This isn’t to say I’ve enjoyed everything about the show from start to finish. Admittedly, this Sherlock’s personality got some taking used to. Someone whose as socially apathetic and overconfident as he is would indeed take a little bit of adjusting in order to appreciate his character. Also, while all of the episodes have been enjoyable and all around wonderful, there are some moments in the series that I still question. For one, “The Blind Baker” as a whole was pulpy, thrilling, and full of intrigue. However, it didn’t match the rest of the show’s quality in my opinion. Not a bad thing, but for the “low point” of the series, it’s a damn good one! Also, in “His Last Vow”, one thing kept playing in my head… “Guns don’t really work that way.” I’m no firearms expert, but one of the scenes really made me scratch my head a bit. But, with sheer intensity akin to the ending scenes of The Reichenbach Fall, I’m willing to slightly overlook this one. Plus, some of the end reveals and endings in general could have been a lot better in some episodes. But, for an adaptation where those are my major complaints, I’m more than satisfied.
Now, this isn’t the first time that media has tried to modernize Sherlock Holmes. But, it could be debated that each of these versions vary in levels of success. In fact, it could be said that the success of this version of Sherlock helped to create the considerably more American version of the show, “Elementary.” While it is a charming and engaging production filled with a lot of the same wit and mystery, it doesn’t quite feel the same as the BBC production… or perhaps it’s just more of the same. But I digress… I could continue to go on the many spin-offs and remakes of the show, but I’m here to primarily talk about BBC’s version.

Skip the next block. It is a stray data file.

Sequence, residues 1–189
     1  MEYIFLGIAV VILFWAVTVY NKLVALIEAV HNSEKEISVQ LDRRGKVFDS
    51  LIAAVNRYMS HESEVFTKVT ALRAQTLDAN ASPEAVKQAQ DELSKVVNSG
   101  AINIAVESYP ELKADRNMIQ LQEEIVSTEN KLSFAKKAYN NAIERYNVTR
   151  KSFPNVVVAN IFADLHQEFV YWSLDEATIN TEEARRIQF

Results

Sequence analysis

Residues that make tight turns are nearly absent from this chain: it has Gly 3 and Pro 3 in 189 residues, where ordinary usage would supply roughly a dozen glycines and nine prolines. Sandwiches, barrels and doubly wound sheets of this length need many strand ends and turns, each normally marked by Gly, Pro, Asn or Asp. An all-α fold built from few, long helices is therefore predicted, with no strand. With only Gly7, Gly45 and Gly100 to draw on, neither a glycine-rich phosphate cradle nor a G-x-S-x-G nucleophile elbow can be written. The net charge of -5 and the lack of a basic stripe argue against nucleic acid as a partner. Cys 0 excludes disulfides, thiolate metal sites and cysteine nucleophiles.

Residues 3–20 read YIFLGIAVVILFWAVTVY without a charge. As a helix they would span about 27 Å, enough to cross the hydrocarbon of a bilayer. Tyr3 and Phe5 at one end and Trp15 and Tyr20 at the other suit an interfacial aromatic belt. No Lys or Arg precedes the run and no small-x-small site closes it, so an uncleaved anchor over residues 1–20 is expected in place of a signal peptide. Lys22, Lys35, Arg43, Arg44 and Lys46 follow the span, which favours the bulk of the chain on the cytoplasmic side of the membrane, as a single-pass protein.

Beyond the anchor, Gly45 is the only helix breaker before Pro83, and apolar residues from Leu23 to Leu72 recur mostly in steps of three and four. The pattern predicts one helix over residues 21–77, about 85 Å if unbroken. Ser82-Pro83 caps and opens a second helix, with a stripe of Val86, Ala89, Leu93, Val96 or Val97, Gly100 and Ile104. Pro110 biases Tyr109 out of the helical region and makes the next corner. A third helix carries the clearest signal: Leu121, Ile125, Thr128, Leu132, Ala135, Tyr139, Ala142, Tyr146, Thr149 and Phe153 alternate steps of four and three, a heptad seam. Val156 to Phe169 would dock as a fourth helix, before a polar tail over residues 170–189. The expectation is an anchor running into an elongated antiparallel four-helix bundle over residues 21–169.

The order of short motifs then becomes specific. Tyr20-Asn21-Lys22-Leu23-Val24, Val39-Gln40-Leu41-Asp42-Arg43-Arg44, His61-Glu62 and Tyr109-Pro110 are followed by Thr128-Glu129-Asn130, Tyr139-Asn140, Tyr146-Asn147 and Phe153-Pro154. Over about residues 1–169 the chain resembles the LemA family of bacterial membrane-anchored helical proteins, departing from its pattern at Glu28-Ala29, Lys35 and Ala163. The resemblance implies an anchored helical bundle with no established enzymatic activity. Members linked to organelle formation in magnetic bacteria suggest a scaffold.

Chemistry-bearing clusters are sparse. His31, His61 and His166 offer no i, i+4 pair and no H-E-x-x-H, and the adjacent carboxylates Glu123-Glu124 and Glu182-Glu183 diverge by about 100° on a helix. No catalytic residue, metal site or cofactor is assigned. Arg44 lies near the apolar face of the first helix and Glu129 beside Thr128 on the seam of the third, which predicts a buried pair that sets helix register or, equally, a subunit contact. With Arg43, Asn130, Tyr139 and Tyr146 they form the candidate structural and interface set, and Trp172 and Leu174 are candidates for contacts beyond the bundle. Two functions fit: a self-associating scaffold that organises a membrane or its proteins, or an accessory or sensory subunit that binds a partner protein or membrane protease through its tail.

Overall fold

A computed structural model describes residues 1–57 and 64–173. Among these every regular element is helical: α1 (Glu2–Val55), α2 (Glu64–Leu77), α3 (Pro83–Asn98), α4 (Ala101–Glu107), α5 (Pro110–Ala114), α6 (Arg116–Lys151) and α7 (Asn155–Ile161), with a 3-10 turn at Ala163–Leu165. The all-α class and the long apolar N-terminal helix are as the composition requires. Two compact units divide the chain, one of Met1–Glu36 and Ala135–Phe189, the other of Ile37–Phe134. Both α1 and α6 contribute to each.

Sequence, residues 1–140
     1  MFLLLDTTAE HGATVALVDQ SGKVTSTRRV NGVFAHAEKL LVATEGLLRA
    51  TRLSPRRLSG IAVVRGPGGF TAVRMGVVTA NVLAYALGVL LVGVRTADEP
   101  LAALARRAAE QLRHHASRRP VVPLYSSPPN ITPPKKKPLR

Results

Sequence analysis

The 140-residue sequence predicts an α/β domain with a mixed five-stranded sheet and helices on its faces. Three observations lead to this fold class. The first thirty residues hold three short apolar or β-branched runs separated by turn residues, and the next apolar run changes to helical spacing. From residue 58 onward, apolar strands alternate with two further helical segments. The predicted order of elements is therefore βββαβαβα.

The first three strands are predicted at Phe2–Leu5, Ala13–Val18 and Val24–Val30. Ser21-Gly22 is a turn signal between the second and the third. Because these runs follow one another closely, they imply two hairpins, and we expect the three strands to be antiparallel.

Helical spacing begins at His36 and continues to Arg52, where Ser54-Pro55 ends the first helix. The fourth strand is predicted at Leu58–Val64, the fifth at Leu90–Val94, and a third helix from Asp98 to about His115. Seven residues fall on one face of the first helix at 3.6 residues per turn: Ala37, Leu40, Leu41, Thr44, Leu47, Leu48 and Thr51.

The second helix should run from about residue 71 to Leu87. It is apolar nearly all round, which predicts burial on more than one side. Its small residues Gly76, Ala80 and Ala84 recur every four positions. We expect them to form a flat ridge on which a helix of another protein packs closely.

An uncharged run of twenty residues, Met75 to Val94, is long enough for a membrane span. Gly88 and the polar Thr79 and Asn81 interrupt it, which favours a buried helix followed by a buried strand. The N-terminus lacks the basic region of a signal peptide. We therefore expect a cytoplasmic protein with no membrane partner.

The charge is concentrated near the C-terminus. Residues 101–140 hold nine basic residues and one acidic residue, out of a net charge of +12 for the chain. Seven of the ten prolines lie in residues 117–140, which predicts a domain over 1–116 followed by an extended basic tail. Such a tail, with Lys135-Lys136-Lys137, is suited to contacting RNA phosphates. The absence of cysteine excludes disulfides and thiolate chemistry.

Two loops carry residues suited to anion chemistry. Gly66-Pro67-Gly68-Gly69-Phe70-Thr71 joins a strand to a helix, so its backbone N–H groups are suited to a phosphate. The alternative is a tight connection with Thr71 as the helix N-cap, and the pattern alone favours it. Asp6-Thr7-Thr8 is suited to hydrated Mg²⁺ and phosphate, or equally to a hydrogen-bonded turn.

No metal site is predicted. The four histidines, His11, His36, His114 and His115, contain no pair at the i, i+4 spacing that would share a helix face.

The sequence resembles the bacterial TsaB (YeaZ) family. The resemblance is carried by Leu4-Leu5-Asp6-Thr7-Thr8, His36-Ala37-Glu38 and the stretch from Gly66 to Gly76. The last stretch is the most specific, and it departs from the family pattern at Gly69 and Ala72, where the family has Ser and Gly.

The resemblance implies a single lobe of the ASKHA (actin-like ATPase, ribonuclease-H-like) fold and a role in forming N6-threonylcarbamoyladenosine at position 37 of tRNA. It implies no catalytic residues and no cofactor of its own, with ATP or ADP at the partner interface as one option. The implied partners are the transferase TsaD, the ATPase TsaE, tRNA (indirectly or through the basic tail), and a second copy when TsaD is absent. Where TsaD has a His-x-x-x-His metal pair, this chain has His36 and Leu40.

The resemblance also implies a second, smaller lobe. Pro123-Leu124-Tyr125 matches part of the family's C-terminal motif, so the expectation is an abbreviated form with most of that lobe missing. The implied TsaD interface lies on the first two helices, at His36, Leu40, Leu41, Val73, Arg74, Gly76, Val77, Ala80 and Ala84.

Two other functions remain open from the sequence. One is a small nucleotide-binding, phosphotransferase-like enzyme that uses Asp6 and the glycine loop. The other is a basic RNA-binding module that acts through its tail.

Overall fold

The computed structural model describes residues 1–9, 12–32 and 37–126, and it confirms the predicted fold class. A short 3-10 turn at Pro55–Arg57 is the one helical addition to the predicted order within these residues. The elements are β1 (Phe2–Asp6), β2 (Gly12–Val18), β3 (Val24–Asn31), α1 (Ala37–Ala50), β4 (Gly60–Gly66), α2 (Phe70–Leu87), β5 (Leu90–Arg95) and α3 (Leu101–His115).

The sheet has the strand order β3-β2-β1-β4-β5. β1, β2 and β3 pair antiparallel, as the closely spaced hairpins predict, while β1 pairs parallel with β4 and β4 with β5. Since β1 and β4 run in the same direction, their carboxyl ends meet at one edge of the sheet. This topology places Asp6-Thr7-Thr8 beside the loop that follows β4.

Now, does this mean I’m a part of the fandom? Nah. I’m not really attached to fandom of any kind (even the “Whovians”, despite that I love Doctor Who), so Sherlock is no different. However, I look forward to the next season… whenever that is. While this series wasn’t a priority, it was constantly a pleasure to watch every time. Now, you’re probably mentioning that there’s so much more to talk about! And of course, yes there is. However, that’s for another day. And admittedly, I haven’t read too many of the original stories by Sir Arthur Conan Doyle himself! But, despite not knowing too much about the original stories, it has been an excellent ride through and through! That said, this TV show could be a useful start for fans who are curious of the source material. So, if you’ve heard of it or are a fan of the original stories, please give this show a try!
And for those who were awaiting my return to reviews after a hiatus or two…. DID YA MISS ME?